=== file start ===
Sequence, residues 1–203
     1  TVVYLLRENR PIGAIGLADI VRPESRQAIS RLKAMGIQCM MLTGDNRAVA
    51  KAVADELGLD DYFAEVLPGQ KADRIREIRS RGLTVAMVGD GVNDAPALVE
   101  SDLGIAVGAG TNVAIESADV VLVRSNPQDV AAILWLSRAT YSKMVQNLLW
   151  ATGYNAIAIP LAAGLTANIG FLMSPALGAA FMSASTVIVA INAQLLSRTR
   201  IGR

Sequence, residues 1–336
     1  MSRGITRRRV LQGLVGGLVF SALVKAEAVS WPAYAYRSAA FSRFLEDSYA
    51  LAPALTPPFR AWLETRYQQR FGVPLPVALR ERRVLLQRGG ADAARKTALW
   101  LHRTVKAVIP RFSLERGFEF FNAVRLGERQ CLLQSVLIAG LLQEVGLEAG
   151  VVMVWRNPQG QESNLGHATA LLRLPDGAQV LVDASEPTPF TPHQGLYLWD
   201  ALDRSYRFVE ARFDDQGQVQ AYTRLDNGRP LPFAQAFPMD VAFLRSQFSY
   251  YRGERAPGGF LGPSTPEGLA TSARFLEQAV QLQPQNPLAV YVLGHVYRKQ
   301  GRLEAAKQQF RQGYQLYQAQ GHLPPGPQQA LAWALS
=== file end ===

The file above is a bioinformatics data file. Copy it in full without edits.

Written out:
Sequence, residues 1–203
     1  TVVYLLRENR PIGAIGLADI VRPESRQAIS RLKAMGIQCM MLTGDNRAVA
    51  KAVADELGLD DYFAEVLPGQ KADRIREIRS RGLTVAMVGD GVNDAPALVE
   101  SDLGIAVGAG TNVAIESADV VLVRSNPQDV AAILWLSRAT YSKMVQNLLW
   151  ATGYNAIAIP LAAGLTANIG FLMSPALGAA FMSASTVIVA INAQLLSRTR
   201  IGR

Sequence, residues 1–336
     1  MSRGITRRRV LQGLVGGLVF SALVKAEAVS WPAYAYRSAA FSRFLEDSYA
    51  LAPALTPPFR AWLETRYQQR FGVPLPVALR ERRVLLQRGG ADAARKTALW
   101  LHRTVKAVIP RFSLERGFEF FNAVRLGERQ CLLQSVLIAG LLQEVGLEAG
   151  VVMVWRNPQG QESNLGHATA LLRLPDGAQV LVDASEPTPF TPHQGLYLWD
   201  ALDRSYRFVE ARFDDQGQVQ AYTRLDNGRP LPFAQAFPMD VAFLRSQFSY
   251  YRGERAPGGF LGPSTPEGLA TSARFLEQAV QLQPQNPLAV YVLGHVYRKQ
   301  GRLEAAKQQF RQGYQLYQAQ GHLPPGPQQA LAWALS